'Why drag it out?' Fort Simpson mayor wants answers for delayed alcohol restriction vote
The N.W.T. village passed a resolution to vote on its 30-year liquor restrictions last December
The mayor of Fort Simpson wants the territory to finalize a plebiscite vote on alcohol restrictions in his community as soon as possible.
Last December, the village council passed a resolution asking for a plebiscite vote on whether the community should cancel all its current liquor restrictions. A letter with the resolution was sent the next day to Caroline Wawzonek, the minister responsible for the Northwest Territories Liquor and Cannabis Commission.
The Department of Finance approved the plebiscite vote in a June 26 letter —as long as the voting process meets the chief public health officer's restraints during the COVID-19 pandemic.
The next step is for the department to appoint a returning officer to organize the vote.
Let's just do this, get it out of the way, right? - Sean Whelly, mayor
Mayor Sean Whelly told CBC a department employee reached out to him to start that process on July 7 — but there's been no communication since then.
Whelly wants the government to clarify when this vote will take place.
"I wouldn't say it's like an overriding important issue right now but on the other hand, why drag it out?" Whelly said. "Let's just do this, get it out of the way, right?"
According to the territory's Liquor Act, elements of the plebiscite, like the date, an appointment of a returning officer to organize the vote, and question(s) on the ballot, are the responsibility of the Department of Finance.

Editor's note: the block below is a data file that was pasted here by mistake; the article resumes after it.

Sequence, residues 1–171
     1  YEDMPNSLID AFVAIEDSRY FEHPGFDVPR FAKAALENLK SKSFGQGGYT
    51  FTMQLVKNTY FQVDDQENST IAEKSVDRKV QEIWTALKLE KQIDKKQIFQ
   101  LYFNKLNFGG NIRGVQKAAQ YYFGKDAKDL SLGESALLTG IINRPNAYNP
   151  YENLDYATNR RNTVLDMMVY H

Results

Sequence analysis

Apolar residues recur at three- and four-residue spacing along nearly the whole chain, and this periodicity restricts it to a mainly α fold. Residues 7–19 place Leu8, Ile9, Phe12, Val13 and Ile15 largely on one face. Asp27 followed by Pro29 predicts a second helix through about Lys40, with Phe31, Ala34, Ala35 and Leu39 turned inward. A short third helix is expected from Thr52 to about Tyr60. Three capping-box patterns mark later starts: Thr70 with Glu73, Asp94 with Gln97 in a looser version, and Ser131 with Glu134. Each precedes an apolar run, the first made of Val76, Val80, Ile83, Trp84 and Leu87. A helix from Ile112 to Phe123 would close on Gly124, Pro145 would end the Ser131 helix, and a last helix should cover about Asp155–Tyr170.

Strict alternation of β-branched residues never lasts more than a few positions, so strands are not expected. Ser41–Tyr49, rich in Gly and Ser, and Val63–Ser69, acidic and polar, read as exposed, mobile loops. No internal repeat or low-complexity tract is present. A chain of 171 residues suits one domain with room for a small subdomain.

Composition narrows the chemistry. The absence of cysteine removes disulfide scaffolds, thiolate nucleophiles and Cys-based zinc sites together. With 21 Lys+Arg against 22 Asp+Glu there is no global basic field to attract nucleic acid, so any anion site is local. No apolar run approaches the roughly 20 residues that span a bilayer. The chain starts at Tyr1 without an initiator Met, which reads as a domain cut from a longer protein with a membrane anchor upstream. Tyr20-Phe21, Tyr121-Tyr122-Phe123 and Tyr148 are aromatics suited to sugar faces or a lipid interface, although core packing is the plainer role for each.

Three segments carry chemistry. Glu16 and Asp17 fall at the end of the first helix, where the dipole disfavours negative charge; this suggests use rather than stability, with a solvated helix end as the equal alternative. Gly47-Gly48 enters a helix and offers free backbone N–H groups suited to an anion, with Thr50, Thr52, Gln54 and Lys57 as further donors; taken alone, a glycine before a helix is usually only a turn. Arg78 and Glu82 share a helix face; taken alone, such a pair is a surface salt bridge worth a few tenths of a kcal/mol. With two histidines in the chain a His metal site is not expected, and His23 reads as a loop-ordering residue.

On average, it takes six weeks from the time a resolution is passed to when a plebiscite vote is held, according to a handout sent to Mayor Whelly from a finance department employee. In this case, it's been over six months since the resolution passed.
CBC has contacted the Department of Finance for comment but it did not immediately respond.
Liquor restrictions create problems
Whelly said the liquor restrictions create some unique problems in his community, such as a long line of people filing into the liquor store every day at 3 p.m. like clockwork. Others sell their services outside the liquor store, offering to go buy more bottles for someone else.
He said liquor restrictions in Fort Simpson date back at least 30 years to the 1980s — and he's not sure how they were first put in place.
Fort Simpson is one of 11 communities in the N.W.T. with some liquor restrictions, according to the government handout.
The village's current restrictions say vendors cannot sell more than this amount of liquor to one person in one day:
1,140 ml of spirits and 12 355 ml containers of beer.
1,140 ml of spirits and 2 L of wine.
2 L of wine and 12 355 ml containers of beer.
24 355 ml containers of beer and 1L of wine.